The government has released a ‘What Good Looks Like’ (WGLL) guide for Local Authorities and care providers in England. This guide builds on the ‘People at the Heart of Care’ white paper from 2021. The guidance is for individuals who have responsibility for digital transformation in both local authorities and care provider organisations. It provides an aspirational framework to help them shape the future of digital solutions in social care.
The paper focusses on England, but it offers good practice and practical advice relevant to care providers across the UK and Ireland. To help CarePlanner users and others in home care learn from the White Paper, we’ve summarised its key points in a series of blogs.
Breaking Down the Sections
This guidance builds on the NHS What Good Looks Like framework and can be applied alongside the What Good Looks Like guidance for nursing. The DHSC page also contains a range best practice guides for digital working, and further supportive resources here.
In our second blog we are focussing on the ‘Connect’ category.
“Supporting your workforce means developing a skilled, capable workforce who can confidently identify, recommend and use appropriate technology safely and effectively for people drawing on social care.”
When it comes to supporting your workforce, it’s about trusting them and empowering them to use the digital tools available to them and to those who use your services.
When supporting your workforce it is important to keep in mind that digital literacy is commonplace in today’s society. Almost everyone utilises some form of digital technology each day from Facebook, to Whatsapp, Fitbits, alarms and even banking. We live in a world of digital technology, to the extent we often overlook just how skilled we are with digital tools.
Care Roadshows invited us to take part in a series of panels on Balancing Technology and Human Connection. In Glasgow, Quality Compliance Systems Head of Social Care Content Lindsay Rees discussed the importance of understanding ‘Why’, and how the purpose of digitisation must be understood by all in your organisation.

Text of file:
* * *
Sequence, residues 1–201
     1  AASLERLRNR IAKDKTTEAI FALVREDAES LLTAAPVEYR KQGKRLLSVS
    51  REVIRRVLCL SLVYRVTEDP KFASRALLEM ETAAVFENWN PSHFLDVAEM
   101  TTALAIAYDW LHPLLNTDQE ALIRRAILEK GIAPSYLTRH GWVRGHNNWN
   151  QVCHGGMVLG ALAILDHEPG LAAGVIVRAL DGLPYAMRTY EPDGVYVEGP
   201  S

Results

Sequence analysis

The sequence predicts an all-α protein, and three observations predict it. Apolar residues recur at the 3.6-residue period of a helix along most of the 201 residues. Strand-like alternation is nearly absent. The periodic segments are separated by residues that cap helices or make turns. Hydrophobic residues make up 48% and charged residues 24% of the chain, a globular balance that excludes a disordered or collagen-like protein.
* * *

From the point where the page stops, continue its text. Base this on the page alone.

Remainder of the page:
In spring of last year, in response to Sajid Javid’s comments on digitisation in social care, we examined digital literacy in social care. Our analysis of the Ipsos Mori Polling revealed there is far greater understanding and use of digital tools in social care than was being openly discussed, especially in domiciliary care settings.
Time and again we have seen that the social care workforce is highly capable and adaptable to change. With support to learn new skills and clarity on the benefits of doing so, carers will excel in utilising digital tools in their provision of care.
You can read our comment on digital skills in the social care workforce in Driven by Health with Care here. (page 30-31) You can also read our Trustpilot reviews here to get an insight into how we support your workforce through our comprehensive onboarding, Account Management and support teams.
“A person-centred approach to the design and use of digital technologies can improve people’s quality of life and wellbeing and support independence.”
We believe that the Local Government Association said it best when they defined empowerment as ‘treating people as equal citizens’.
True empowerment comes from partnership, not dictation. Where people, services and systems work together to realise the ambitions we all share for better care. Our ability to understand each other and the challenges we face is much greater when we work together.
Care is based in community, and digitisation should be approached in the same way, as a communal undertaking. This means co-producing care with both the people who will be providing the care, and those who will be utilising it and co-producing your digitisation with partner who works alongside your team to build the most effective solution.
We specialise in working with care providers to create the best digital solution for your service, if you would like to learn more about this process you can see our case study with: Saracen Care or Winserve Care, or reach out to us directly: [email protected] 0117 214 0125